According to the Zimbabwe Demographic Health Survey nearly 40% of girls and 24% of boys are sexual active before they reach the age of 18.

A report by the Ministry of Health and Child Care, United Nations Population Fund(UNFPA),  and Zimbabwe National Family Planning Council (ZNFPC), provided that 48% of adolescents have unplanned pregnancies in Zimbabwe per year.

The 2015 Zimbabwe Demographic Health Survey Report stipulated that over 51% of girls below the age of 18 years access contraceptives from private pharmacies.

With all this empirical data and information at hand the constitutional provision of 18 years as age of consent might have a deleterious effect on access to sexual reproductive health rights of young people in Zimbabwe if not carefully crafted and put into effect through legislation.

Our legislature when enacting such type of legislation should not be informed by emotions, grandstanding and trying to win favours from other sectors of the communities, but they must be informed by the current legal, economic and demographic health exigencies obtaining on the ground.

Whether people want it or not the current obtaining situation on the ground clearly shows that young people are having sex. Our legal framework should be alive to that fact.

In Africa, South Africa and Nigeria decided to be alive to the fact that young people are having sex at a very tender age, then the solution was not to impose criminal sanction on sex, but they have so far adopted policies which make it easier for adolescents to access contraceptives.

In Nigeria there are government adolescent-friendly clinics for young people to access sexual reproductive health services.

The case of Nigeria and South Africa is a clear indication and lesson which Zimbabwe can take, that the issue of sexual reproductive health rights should not be a moral discourse but a scientific discourse which should be used in democratising our laws for the full realisation of sexual reproductive health rights of young people in Zimbabwe.

From the social dimension of justice worldview, I don’t think putting age of consent to 18 years will stop young people in Zimbabwe from  having sex. The reason why a progressive jurisdiction such as South Africa allows young people as young as 12 years to access contraception without parental consent is a clear admission that young people are having sex and the need to protect them from consequences of sex. It’s not a moral issue, but a practical and scientific issue.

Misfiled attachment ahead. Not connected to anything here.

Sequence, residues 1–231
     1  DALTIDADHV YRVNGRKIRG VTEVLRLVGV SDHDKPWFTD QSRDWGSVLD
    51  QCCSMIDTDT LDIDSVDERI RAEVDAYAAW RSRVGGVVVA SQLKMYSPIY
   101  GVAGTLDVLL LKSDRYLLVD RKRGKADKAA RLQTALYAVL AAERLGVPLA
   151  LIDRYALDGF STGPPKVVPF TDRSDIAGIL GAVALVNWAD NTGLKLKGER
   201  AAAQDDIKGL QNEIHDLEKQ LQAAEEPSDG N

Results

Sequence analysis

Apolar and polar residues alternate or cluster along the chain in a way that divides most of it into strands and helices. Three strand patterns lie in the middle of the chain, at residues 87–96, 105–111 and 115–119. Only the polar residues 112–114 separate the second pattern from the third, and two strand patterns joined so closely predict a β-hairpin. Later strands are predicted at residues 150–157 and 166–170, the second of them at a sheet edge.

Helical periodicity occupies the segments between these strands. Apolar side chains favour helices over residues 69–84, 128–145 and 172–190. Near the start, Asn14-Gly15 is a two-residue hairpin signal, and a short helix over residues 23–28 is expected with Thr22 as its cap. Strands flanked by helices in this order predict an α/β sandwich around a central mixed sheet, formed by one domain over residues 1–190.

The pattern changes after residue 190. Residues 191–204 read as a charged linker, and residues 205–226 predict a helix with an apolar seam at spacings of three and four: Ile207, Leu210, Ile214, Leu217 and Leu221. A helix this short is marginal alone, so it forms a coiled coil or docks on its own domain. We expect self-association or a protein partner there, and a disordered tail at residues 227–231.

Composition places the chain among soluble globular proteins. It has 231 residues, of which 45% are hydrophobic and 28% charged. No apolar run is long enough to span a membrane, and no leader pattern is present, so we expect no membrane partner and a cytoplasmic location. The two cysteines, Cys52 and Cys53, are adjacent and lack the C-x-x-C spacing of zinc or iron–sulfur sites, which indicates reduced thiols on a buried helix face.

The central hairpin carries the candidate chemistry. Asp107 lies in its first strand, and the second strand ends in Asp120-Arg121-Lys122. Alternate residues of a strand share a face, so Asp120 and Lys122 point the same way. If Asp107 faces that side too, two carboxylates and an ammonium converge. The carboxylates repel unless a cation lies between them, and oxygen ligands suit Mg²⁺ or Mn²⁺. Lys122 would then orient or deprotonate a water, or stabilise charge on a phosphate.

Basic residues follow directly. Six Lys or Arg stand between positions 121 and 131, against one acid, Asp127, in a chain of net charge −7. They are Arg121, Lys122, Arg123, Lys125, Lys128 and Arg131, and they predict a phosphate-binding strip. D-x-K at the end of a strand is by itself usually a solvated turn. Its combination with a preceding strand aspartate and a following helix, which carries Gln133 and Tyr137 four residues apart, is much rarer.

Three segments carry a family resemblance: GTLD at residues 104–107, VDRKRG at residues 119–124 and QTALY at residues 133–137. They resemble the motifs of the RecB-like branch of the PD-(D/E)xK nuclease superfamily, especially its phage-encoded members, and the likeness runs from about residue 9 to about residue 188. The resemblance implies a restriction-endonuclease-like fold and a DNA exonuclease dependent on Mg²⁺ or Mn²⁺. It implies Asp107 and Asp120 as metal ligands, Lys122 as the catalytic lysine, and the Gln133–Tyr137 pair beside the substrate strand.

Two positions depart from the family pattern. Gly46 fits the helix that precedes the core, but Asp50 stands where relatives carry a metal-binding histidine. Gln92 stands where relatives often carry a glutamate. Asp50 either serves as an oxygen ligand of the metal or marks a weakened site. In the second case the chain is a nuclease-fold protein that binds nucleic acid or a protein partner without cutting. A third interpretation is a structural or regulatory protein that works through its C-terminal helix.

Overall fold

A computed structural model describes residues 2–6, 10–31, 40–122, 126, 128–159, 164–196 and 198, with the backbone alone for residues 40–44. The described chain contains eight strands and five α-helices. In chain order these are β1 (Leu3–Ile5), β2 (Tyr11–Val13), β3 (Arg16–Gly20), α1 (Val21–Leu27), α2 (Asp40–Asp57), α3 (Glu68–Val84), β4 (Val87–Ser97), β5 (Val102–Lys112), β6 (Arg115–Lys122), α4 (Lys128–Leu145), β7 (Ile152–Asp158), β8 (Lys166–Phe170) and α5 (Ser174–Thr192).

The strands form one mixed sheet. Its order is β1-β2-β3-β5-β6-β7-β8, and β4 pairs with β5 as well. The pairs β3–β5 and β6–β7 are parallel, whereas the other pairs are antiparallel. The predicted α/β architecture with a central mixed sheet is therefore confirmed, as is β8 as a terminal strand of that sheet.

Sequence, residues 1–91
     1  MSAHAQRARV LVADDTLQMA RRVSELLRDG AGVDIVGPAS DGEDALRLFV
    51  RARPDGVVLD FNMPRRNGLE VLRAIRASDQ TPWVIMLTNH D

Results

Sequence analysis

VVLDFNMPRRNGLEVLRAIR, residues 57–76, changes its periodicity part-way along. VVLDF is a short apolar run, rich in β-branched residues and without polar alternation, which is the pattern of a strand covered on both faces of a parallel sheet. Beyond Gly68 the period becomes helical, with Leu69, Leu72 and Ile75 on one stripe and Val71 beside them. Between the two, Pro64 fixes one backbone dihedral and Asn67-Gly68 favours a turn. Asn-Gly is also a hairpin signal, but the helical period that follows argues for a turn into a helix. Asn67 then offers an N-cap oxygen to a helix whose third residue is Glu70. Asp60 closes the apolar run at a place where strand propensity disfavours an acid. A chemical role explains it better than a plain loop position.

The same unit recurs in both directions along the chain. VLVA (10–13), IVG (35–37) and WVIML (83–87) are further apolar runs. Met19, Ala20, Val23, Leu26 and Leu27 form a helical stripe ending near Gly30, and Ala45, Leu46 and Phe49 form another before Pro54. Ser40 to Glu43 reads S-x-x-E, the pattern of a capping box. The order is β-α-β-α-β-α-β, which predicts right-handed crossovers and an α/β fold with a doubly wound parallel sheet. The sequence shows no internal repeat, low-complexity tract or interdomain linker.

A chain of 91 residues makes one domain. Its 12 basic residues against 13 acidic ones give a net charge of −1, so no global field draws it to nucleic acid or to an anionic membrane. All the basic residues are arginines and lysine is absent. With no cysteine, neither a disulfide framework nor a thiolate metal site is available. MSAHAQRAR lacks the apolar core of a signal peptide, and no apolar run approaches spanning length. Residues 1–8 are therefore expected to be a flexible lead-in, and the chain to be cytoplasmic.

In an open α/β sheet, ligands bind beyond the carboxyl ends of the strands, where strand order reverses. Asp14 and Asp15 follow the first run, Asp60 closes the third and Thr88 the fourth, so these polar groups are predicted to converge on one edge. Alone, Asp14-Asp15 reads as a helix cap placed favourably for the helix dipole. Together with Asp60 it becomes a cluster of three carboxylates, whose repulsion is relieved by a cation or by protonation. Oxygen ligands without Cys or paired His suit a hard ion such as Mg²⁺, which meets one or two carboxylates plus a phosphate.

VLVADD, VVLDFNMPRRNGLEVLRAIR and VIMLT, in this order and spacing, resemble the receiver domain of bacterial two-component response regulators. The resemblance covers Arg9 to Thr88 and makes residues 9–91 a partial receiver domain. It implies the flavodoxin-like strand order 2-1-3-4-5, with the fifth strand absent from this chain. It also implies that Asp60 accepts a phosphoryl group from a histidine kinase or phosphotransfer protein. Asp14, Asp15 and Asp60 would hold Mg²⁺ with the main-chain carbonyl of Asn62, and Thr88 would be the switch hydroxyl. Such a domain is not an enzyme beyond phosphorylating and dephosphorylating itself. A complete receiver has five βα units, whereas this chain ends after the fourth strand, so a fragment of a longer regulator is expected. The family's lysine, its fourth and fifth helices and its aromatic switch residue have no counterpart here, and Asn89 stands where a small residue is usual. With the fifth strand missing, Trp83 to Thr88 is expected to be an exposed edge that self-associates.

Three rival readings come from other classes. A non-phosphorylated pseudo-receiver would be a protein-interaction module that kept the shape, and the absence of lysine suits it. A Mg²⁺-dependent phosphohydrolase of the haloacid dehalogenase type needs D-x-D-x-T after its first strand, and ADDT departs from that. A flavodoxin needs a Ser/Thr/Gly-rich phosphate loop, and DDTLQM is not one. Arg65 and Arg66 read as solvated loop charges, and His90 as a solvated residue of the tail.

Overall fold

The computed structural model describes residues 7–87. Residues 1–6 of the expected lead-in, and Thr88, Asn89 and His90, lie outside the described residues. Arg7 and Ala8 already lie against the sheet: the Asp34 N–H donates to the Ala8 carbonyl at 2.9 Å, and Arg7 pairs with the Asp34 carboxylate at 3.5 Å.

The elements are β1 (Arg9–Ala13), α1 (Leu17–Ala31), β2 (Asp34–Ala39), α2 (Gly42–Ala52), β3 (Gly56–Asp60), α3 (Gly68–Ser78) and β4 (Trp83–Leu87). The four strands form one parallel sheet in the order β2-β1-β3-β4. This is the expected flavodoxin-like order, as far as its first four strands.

In trying to comply with the constitutional court order, the legislature should be alive to the various vagaries which can be associated with that constitutional alignment.

There is high probability of unsafe abortions and surge of young people flooding our health care facilities for post-abortion care, because young people will be afraid of being asked numerous questions on what really happened to them since having sex with a person below the age of 18 will be a criminal offence.

Since people will know that having sex with a person younger than 18 years can attract a criminal penalty a lot of young people will resort to clandestine means of termination of pregnancy, and in the process the bodily autonomy and integrity of young women in Zimbabwe will be impaired.

Adolescent girls with sexually transmitted infection are likely to resort to the traditional and unsafe methods of curing their STIs fearing to be subjected to possible physiological and mental and emotional torture at health centres for having sex before the age of 18.

Therefore in putting into effect the Constitutional Court ruling on the age of consent the legislature should make legal provision in a manner which is alive to the fact that although the law seeks to protect our young people from sex predators and exploiters, the law should provide conducive legal environment of access to sexual reproductive health rights by young people.

  • Zororai Nkomo is a Zimbabwean journalist, lawyer and social justice advocate. He writes in his personal capacity and can be contacted on [email protected]